She also gave her first significant public speech in 2016, a TEDxTeen live-streamed to millions, about how modest clothing has now become a trend. Idrissi believes the fashion industry is catering more to women who want modest wear than it did a decade ago.
“I feel it is definitely improving,” she said. “Summertime can still be a little bit of a struggle in comparison to autumn and winter which is cooler, so there is still room for improvement.”


After her breakthrough with H&M, Idrissi went on to participate in projects with leading brands, including MAC Cosmetics and M&S in the Middle East. She also looks forward to working on projects in Saudi Arabia when an opportunity arises.
“Saudi Arabia is a blessed land both physically and spiritually. I feel there is so much potential and opportunity. I would love to be a part of changing some of the stereotypes around the country through my work in fashion and film,” Idrissi said.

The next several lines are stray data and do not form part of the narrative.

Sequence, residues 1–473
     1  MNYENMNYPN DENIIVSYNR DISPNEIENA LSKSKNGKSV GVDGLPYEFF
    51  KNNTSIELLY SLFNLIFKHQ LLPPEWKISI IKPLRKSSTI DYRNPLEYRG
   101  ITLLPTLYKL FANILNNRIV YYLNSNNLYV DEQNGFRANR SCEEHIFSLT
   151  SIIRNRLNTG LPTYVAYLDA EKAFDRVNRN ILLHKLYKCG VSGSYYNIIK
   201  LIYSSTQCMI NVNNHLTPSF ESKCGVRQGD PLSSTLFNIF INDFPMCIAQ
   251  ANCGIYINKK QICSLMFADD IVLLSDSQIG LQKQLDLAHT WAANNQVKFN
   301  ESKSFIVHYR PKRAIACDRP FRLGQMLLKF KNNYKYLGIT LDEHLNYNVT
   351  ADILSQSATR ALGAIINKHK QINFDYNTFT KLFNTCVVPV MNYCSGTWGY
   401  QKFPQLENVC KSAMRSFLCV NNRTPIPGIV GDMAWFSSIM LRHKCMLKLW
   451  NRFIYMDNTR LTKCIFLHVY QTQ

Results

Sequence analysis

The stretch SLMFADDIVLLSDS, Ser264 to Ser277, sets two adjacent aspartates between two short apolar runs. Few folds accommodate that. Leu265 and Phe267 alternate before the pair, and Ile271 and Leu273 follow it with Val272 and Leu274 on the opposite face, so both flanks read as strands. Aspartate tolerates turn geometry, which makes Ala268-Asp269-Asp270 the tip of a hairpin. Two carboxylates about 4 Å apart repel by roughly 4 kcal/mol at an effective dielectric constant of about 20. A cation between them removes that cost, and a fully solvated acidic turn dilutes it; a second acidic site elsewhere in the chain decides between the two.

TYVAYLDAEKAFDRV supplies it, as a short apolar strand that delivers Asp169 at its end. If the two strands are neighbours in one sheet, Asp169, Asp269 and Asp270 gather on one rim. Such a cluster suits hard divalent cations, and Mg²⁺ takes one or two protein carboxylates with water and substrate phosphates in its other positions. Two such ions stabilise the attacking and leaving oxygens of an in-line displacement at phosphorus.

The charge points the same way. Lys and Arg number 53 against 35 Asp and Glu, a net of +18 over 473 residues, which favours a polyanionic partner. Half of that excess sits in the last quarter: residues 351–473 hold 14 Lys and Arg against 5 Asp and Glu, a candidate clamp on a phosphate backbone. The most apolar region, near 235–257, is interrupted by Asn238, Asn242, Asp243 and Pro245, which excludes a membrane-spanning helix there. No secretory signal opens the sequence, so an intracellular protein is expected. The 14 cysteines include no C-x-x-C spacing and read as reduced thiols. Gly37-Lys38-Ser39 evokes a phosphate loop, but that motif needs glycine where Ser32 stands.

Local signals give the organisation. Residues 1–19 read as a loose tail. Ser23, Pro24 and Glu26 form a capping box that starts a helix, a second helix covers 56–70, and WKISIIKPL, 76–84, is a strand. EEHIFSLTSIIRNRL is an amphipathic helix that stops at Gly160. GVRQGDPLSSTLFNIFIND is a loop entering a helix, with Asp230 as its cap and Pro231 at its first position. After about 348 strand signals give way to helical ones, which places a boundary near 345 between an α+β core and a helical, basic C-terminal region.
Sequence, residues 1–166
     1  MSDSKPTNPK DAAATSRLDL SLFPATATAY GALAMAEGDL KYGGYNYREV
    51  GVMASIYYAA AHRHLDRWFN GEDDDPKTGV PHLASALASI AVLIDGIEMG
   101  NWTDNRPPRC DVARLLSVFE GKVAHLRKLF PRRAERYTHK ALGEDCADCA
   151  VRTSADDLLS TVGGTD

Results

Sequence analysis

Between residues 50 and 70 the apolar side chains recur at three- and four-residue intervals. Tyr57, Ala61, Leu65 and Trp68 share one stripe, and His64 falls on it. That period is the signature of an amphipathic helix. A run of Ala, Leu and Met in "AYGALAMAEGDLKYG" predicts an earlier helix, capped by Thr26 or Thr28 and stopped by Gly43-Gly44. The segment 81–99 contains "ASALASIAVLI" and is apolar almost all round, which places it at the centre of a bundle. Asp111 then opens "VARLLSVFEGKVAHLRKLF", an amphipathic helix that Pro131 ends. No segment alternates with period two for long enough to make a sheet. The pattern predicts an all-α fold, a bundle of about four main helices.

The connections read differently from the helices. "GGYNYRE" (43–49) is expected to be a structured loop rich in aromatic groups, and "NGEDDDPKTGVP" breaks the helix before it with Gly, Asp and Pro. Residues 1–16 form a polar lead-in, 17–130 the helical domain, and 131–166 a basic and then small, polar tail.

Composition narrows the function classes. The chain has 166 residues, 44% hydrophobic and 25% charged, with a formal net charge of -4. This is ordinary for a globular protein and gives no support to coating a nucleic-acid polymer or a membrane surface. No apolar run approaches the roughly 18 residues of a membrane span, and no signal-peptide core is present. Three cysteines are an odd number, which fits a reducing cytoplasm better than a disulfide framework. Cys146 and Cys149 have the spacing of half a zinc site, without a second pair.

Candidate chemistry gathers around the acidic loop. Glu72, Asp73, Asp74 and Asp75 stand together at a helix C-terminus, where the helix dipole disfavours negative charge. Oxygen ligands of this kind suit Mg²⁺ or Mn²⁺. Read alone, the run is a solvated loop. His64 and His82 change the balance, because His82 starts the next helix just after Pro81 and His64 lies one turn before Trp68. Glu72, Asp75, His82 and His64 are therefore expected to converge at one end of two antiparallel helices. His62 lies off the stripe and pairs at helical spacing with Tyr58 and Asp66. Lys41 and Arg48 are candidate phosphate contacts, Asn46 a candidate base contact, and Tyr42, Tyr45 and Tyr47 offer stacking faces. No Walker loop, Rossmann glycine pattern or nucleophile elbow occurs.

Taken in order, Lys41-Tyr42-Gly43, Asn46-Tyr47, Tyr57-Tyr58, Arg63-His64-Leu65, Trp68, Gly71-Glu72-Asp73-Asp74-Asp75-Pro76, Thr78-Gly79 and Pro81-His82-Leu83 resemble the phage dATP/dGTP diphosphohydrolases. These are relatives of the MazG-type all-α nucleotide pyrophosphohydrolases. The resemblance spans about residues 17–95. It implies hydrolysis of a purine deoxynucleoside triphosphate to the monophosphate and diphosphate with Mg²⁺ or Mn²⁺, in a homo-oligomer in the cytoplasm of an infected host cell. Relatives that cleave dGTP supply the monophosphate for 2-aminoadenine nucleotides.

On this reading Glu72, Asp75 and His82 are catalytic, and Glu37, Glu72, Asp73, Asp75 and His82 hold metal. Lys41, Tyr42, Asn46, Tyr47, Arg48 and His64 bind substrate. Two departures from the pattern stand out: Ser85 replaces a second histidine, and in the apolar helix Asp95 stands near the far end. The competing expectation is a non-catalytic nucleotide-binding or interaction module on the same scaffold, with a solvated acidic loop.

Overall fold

She is now working on a few film projects, both features and documentaries, to continue challenging negative stereotypes around Muslims.


Moreover, she aims to inspire other potential modest models and advises them to always ask why before embarking on this path. Asking why has helped her on this career journey because even through difficult times, she was able to push forward.
As her upbringing has taught her, Idrissi is demonstrating that modernity and progression are not in conflict with tradition and customs: They are two sides of the same coin.


Arabic anime voice actors prepare for new show at Riyadh expo

Updated 27 min 45 sec ago

Arabic anime voice actors prepare for new show at Riyadh expo

  • Waheed Jalal's voice acting as “Treasure Island” antagonist John Silver has captivated generations

RIYADH: Visitors to Riyadh’s first anime expo stopped by the first panel on Saturday unaware that they would be leaving the stage with memories renewed of their favorite voice actors of all time.

Waheed Jalal and Jihad Al-Atrashi will forever live on in the hearts of fans of “Grendizer” and “Treasure Island (Takarajima),” the two shows that introduced the Arab world to anime in the 1970s.